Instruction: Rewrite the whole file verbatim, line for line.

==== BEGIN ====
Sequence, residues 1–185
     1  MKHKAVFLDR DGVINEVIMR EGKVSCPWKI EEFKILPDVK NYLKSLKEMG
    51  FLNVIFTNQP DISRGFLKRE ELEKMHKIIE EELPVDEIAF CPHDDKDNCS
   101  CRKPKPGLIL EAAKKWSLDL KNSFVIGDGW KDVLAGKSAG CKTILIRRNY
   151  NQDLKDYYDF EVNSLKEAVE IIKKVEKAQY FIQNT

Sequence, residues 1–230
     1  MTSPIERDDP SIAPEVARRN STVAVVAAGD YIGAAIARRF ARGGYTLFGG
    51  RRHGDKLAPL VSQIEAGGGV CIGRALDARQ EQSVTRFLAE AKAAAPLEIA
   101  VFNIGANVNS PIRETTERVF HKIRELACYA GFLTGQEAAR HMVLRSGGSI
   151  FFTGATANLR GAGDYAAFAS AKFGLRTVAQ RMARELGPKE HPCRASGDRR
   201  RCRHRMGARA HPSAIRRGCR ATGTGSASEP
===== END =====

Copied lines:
Sequence, residues 1–185
     1  MKHKAVFLDR DGVINEVIMR EGKVSCPWKI EEFKILPDVK NYLKSLKEMG
    51  FLNVIFTNQP DISRGFLKRE ELEKMHKIIE EELPVDEIAF CPHDDKDNCS
   101  CRKPKPGLIL EAAKKWSLDL KNSFVIGDGW KDVLAGKSAG CKTILIRRNY
   151  NQDLKDYYDF EVNSLKEAVE IIKKVEKAQY FIQNT

Sequence, residues 1–230
     1  MTSPIERDDP SIAPEVARRN STVAVVAAGD YIGAAIARRF ARGGYTLFGG
    51  RRHGDKLAPL VSQIEAGGGV CIGRALDARQ EQSVTRFLAE AKAAAPLEIA
   101  VFNIGANVNS PIRETTERVF HKIRELACYA GFLTGQEAAR HMVLRSGGSI
   151  FFTGATANLR GAGDYAAFAS AKFGLRTVAQ RMARELGPKE HPCRASGDRR
   201  RCRHRMGARA HPSAIRRGCR ATGTGSASEP